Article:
Thankfully, while reading the moderate blog Balloon Juice, Tim F. wrote up an all purpose debate guide. The following is completely his work, and can be found right here.
Tim F wrote:The easiest way to lose a debate is to start throwing personal [stuff] at the other person. It’s bad form and sensible people generally take it as a sign that you don’t have anything worthwhile to say. On a practical level it embarrasses your allies and encourages your opponents.
Godwin’s Law, of course. In general I agree with the idea that you lose by comparing your opponent’s postition with the most ridiculously horrible thing that you can imagine, but there are limits. It’s not like the Nazis wiped their [butt] with Evil toilet paper and started their morning with Evil sausage links and a cup of Evil coffee. Wagner, and particularly his widow, were enthusiastic anti-semites. Does a music discussion end when you bring up Wagner? No, it doesn’t. Cry Godwin when somebody’s comparing you to a Nazi but be aware that German political history has useful lessons if we remove the medieval notion of Evil from every bratwurst and roll of toilet paper that passed through the country between 1938 and 1945.
By the same logic, “Leftism is bad because Pol Pot was leftist” qualifies as a Godwin violation while a specific comparison between factors that led to the rise of Pol Pot and similar factors in other countries does not.
Maybe the most useful point is to learn your logical fallacies. You don’t need to memorize the whole list, but the five or six most common will help you to figure out why you’re sure that somebody is wrong but you can’t quite put your finger on it. Humans have a certain innate logic that gets offended when it spots an obvious fallacy. Everbody knows ad hominem, which is kind of sad when we all violate it anyway. Somebody isn’t wrong because they’re a ‘moonbat’ or a ‘wingnut,’ even moonbats and wingnuts get things right sometimes. If you want to prove them wrong you have to try harder than that.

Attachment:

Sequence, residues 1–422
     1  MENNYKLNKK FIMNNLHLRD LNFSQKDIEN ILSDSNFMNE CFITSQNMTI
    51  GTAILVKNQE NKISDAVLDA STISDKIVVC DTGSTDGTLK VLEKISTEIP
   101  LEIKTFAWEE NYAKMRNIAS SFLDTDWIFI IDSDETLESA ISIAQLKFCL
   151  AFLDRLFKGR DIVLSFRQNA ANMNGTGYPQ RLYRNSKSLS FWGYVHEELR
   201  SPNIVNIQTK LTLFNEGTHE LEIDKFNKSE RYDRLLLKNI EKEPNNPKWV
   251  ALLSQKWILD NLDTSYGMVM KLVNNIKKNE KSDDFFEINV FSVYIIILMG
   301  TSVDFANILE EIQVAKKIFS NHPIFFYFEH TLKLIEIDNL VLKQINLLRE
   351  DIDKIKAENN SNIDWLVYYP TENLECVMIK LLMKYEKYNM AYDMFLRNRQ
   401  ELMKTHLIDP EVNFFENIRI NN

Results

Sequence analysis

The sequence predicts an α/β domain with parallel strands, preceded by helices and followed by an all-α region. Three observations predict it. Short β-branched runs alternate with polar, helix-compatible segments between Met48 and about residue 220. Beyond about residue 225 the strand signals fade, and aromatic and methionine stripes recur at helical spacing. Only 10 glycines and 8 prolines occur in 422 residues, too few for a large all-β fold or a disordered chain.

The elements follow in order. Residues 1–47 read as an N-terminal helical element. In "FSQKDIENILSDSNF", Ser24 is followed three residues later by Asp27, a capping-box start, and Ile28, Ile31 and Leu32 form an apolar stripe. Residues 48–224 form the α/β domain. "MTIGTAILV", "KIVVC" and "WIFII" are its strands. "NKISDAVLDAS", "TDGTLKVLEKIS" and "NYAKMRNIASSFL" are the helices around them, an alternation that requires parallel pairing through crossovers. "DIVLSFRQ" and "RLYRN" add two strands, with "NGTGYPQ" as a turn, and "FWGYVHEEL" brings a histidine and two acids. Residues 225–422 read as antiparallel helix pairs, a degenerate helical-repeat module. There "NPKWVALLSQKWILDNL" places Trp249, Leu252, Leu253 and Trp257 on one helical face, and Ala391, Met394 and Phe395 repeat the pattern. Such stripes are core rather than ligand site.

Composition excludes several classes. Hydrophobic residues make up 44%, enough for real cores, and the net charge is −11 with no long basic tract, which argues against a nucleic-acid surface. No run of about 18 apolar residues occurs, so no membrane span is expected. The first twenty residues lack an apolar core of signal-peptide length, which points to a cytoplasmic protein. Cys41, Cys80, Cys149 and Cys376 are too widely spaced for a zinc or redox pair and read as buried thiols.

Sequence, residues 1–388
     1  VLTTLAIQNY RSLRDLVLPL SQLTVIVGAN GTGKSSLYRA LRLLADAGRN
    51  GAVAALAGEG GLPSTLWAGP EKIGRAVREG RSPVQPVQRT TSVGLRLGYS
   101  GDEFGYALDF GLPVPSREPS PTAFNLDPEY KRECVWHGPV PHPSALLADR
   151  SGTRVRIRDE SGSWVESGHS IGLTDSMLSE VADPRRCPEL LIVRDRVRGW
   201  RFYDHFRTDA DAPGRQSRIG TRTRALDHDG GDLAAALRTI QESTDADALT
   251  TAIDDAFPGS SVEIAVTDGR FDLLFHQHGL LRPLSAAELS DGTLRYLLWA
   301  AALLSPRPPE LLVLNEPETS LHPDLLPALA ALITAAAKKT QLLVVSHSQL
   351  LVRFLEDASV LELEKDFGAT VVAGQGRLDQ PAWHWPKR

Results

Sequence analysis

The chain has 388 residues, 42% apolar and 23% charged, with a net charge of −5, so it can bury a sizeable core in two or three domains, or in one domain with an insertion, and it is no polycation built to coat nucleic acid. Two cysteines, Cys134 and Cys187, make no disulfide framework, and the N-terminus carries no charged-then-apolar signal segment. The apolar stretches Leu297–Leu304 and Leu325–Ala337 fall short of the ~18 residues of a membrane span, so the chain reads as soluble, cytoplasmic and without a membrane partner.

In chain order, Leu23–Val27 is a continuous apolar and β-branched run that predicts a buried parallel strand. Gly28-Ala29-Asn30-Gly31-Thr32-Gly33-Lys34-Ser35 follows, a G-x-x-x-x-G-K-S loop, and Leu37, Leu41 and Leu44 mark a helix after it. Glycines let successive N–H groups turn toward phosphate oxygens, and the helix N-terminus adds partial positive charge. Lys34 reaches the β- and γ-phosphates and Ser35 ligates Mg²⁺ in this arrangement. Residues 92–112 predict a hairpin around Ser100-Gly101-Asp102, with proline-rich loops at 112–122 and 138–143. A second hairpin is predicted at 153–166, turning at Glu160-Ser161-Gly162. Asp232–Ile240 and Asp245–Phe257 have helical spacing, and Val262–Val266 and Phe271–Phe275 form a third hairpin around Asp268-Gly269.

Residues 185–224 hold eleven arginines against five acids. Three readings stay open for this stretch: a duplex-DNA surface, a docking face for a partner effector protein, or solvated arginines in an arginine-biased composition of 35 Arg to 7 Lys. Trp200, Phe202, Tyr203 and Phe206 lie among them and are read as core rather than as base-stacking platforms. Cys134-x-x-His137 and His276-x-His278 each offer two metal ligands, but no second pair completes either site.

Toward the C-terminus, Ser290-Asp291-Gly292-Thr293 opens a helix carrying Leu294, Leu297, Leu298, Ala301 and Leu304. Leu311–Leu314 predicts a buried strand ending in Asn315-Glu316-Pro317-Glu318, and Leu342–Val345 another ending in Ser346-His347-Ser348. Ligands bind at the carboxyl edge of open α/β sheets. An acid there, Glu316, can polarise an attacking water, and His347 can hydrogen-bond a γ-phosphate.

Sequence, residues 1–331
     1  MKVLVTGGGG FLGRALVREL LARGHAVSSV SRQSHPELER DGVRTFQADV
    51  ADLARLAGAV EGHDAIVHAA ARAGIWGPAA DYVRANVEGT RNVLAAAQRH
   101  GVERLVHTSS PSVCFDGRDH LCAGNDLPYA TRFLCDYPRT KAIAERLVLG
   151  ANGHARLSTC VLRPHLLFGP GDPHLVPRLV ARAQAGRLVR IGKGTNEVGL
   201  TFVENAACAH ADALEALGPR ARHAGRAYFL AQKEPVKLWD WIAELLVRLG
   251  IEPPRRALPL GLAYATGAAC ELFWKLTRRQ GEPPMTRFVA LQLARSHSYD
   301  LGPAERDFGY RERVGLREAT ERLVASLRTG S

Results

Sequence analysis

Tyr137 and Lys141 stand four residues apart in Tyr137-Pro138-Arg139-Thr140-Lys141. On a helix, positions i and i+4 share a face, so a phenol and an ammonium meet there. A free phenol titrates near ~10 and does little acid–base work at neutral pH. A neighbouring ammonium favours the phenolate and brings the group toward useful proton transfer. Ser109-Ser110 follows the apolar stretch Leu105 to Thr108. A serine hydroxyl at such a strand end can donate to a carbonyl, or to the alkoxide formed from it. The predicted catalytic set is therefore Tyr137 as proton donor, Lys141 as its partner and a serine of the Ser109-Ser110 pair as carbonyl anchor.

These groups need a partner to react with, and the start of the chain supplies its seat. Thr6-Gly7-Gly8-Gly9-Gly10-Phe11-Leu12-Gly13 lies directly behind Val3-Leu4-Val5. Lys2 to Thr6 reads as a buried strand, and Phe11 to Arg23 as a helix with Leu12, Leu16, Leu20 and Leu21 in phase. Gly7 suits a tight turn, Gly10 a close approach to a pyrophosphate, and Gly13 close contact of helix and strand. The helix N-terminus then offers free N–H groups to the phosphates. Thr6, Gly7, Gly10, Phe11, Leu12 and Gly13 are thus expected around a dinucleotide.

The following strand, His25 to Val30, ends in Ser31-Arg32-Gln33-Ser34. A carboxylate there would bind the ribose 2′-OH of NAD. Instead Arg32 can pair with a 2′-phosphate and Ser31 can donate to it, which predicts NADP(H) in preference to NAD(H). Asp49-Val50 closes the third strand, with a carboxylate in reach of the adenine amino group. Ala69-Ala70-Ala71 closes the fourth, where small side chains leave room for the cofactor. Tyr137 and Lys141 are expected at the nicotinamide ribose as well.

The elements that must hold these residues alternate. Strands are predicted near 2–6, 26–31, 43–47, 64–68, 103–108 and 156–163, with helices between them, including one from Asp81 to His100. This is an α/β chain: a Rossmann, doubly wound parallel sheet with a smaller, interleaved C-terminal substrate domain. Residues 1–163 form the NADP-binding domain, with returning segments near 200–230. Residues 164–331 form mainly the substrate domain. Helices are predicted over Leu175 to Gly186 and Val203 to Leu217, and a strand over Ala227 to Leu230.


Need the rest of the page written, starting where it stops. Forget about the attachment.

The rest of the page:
Reductio ad absurdum and slippery slope often go together; the first happens when you rephrase somebody’s argument in bad faith using the most extreme conceivable example and the second speaks for itself. Post hoc ergo propter hoc comes up when A happens followed by B and somebody inappropriately concludes that A causes B. There’s your illogic whenever you see somebody declare, “Democrats won’t start winning elections until they stop [X],” where [X] stands in for the writer’s pet peeve du jour.
I have a particular beef with the composition fallacy, which occurs whenever somebody picks the characteristics of an individual and transposes those characteristics onto the group to which they belong. You can safely identify composition whenever you see “The Left” or “The Right” in the vicinity of an adjective. On the downside, eliminating composition might leave the internet empty except for two people talking about Harry Potter.
Ad hominem is the best known of a large family of innapropriate-appeal fallacies. Anybody who assumes that something must be right because everyone says so is violating ad populum. Ad ignorantiam happens when you assume that something’s false because you don’t know it to be true. Inappropriate authority speaks for itself. Whenever the TV news has some airheaded pundit weigh in on a politically-important technical matter, there’s your fallacy. Appeal to unacceptable consequences comes up fairly often, for a classic illustration recall the argument that we can’t accept that Americans torture because if people accepted that we torture then it might encourage our enemies.
Another internet favorite, tu quoque, means ‘you too’ in Latin. I wouldn’t call this tactic useless to the same degree as ad hominem or ad populum, after all turnabout is fair play, but bear in mind that you aren’t touching the other person’s underlying logic by pointing out that he or she’s also a hypocrite/embezzler/necrophile.
This post has grown out of control and still that’s far from the whole list. For a comprehensive list and better explanations than I’ve given, check out Nizkor and the Fallacy Files.
It’s also bad form to assume bad faith on the other guy’s part. On a practical level Evil is a pretty rare commodity, and most people do what they do for decent intentions. Assume good faith until proven otherwise and you’ll be surprised how accomodating folks can be.
This is the best guide to being a better member of the internet community. This will also clear up a lot of the spam, trolling, passive flaming, and general bad netiquette that plagues most internet message boards (but, thankfully, not ours).
PS: lest anyone think I'm a lazy bum and just cut and pasted it, I had to enter all text formatting by hand. I slave for you.